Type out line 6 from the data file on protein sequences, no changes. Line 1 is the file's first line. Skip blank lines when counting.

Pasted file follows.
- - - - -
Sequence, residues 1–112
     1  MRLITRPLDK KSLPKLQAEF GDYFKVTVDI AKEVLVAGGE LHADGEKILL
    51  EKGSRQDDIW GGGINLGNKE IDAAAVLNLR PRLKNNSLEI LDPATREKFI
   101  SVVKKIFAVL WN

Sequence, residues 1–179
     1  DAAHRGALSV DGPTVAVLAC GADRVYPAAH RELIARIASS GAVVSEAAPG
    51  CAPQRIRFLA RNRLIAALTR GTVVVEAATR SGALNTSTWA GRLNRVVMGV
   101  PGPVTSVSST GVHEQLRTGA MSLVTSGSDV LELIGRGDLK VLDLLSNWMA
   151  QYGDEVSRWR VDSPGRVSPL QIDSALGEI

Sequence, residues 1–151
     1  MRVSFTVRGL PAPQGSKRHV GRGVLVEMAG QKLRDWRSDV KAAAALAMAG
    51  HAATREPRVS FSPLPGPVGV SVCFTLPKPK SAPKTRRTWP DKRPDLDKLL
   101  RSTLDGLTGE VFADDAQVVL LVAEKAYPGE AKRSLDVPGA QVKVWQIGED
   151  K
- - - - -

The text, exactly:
     1  DAAHRGALSV DGPTVAVLAC GADRVYPAAH RELIARIASS GAVVSEAAPG